Autumn in the North Cemetery.

Sixty miles west of Boston, Massachusetts there is the small New England town of Sturbridge. Located at the junction of I-90 (The Mass Pike), and I-84 it has become known as the "Crossroads of New England". The town was first settled over 300 years ago, and like other small New England towns it has grown just enough over the years to be in a difficult place today. How do we embrace the future without forgetting how we got to our present? How do we attract the right kind of growth, and maintain who we are? And, what about our culture out here in Central Massachusetts?

These pages will cause one to think about how to protect what we have, our future direction, and how to move on in the very best way.

Those thoughts, and other ramblings, will hopefully inspire more thought, conversation, action, and occasionally a smile...

...seems to be working so far

Thursday, April 9, 2015

Common Sense

The idea of having parcels of land set aside for the use of others is an idea that has been around for a very long time.  Whether the land be used for the grazing of cattle, or training militia, or holding events for the common good, a central piece of land has always been important.  In New England, this land for common use is of historic importance.

Sturbridge Town Common
Each town would often have a small piece of land used for common purposes located in, or near the center of the town.  Here, in Sturbridge, a central common area was laid out in the very beginning of the towns existence.  It was designed specifically for the use of the settlers of the town to use for the a central meeting place, a burying ground, and open land for training of militia, and the grazing of cattle.

Over time, the function this common area for the towns people has shifted from agrarian, and military, the last military use of the Common was during WWII by troops stationed at the Publick House, to a central gathering place.  A peaceful place for contemplation, relaxation.  A spiritual place for weddings, and candlelight vigils.  A social place for fairs, food festivals, and concerts.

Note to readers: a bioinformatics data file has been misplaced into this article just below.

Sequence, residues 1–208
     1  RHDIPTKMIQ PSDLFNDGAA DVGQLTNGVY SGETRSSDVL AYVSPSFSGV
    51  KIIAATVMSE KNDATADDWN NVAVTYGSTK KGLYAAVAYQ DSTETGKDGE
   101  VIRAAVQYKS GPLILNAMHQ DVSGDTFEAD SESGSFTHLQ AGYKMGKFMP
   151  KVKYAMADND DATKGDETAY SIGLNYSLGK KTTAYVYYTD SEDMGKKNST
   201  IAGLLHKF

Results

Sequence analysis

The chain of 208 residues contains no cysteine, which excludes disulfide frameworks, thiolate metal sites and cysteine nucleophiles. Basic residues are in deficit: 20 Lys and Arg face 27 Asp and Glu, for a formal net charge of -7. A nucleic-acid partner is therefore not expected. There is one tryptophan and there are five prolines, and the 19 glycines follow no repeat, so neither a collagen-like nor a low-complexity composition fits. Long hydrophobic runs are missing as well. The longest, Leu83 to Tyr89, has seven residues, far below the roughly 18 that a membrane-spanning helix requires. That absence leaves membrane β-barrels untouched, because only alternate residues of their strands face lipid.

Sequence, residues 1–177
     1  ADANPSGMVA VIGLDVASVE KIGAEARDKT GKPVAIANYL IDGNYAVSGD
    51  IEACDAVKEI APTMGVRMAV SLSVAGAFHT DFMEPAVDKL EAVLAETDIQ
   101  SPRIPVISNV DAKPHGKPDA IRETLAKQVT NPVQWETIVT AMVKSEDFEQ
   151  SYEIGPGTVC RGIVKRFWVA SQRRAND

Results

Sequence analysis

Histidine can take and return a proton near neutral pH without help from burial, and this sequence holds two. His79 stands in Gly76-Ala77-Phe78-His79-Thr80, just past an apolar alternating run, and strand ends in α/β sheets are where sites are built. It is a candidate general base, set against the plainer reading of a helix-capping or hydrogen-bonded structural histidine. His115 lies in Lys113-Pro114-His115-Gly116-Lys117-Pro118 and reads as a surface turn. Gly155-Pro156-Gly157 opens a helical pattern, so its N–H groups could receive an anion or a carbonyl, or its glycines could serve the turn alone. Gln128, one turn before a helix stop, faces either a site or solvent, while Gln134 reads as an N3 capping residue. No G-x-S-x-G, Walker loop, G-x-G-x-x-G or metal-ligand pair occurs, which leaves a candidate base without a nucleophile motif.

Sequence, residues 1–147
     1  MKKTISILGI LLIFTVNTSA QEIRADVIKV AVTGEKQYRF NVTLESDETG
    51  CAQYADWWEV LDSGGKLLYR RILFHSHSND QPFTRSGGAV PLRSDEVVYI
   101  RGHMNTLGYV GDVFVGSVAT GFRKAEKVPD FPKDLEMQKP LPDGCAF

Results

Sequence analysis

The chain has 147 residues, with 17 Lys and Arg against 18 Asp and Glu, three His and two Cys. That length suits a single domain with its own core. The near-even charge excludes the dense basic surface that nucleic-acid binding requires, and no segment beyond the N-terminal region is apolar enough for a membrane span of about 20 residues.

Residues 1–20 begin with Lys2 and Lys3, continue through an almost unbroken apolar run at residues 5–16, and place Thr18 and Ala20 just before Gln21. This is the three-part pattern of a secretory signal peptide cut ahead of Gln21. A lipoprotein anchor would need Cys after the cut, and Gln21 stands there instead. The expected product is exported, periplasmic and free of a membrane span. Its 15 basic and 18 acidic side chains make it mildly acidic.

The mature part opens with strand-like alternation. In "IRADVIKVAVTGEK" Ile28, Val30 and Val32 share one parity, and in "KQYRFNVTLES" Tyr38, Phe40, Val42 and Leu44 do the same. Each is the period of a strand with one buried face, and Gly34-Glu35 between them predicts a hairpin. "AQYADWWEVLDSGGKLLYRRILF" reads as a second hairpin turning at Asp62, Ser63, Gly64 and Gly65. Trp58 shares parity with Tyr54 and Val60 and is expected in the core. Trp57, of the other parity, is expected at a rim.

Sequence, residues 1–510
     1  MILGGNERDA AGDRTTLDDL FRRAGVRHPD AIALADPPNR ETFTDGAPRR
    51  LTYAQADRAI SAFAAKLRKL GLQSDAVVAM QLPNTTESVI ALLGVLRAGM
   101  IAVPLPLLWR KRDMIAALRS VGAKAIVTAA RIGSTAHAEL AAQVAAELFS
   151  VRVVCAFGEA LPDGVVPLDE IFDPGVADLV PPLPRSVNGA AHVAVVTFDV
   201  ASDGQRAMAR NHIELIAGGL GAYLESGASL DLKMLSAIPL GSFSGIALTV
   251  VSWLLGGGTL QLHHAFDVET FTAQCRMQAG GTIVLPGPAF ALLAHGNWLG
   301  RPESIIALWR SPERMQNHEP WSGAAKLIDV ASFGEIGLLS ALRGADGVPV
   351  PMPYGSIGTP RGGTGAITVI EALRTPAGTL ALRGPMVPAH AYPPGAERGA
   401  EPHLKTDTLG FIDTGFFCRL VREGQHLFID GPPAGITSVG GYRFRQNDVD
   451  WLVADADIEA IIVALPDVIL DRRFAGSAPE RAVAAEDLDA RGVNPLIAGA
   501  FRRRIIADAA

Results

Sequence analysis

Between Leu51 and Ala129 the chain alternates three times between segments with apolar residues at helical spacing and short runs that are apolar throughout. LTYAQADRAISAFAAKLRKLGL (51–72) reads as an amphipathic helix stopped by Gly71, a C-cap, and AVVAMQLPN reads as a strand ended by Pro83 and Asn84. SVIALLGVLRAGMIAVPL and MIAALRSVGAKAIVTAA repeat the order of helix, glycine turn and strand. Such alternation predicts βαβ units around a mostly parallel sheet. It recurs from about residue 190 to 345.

All of these activities are not only expected, but needed.  What isn't needed is the stress of such activities has on the common itself.

Recently, Tom Chamberland, the towns Tree Warden, warned that the trees on the common are being distressed to the point of their dying due to parking of vehicles on the grass.  Parking on the grass compacts the soil, and  the root system of the heritage, and other trees.  As a result, they begin to fail, loose limbs, become weak, and eventually become a safety hazard, and must be removed.

Tom has told the various Town Administrators over the years that parking on the grass for concerts, and other activities must stop, and that parking be only allowed on the pavement beside the common, and other parking areas in the vicinity, to no avail.  The result has been more trees that have died, or become so stressed that they had to be removed.  Last spring, two heritage trees, and one moderate growth tree were removed from the common.  At this rate of removal there will be no large three to four foot in diameter trees left on the common for our children to sit under with their children.

Time to change our behavior.

It is time an ordinance is written prohibiting parking of any vehicle on the town common, and only allowing vehicle parking on the roadways that surround the common, with the exception of Main Street, Route 131.  Parking for events can also be had behind the Town Hall, and, with permission, at the Publick House lots depending on the event.

This is  such a simple thing to enact, and to enforce.  Common sense not only validates it, but insists on it.  The cost would be for signs to be erected around the commons perimeter.  A fine should be imposed, and those fines would pay for the signs.

In the future, when the roads surrounding the common need to be repaved, a curbing should be part of the plan to prevent parking on the grass.

We need to act before the warm weather begins, and the use of the common goes full swing.

It's just common sense.

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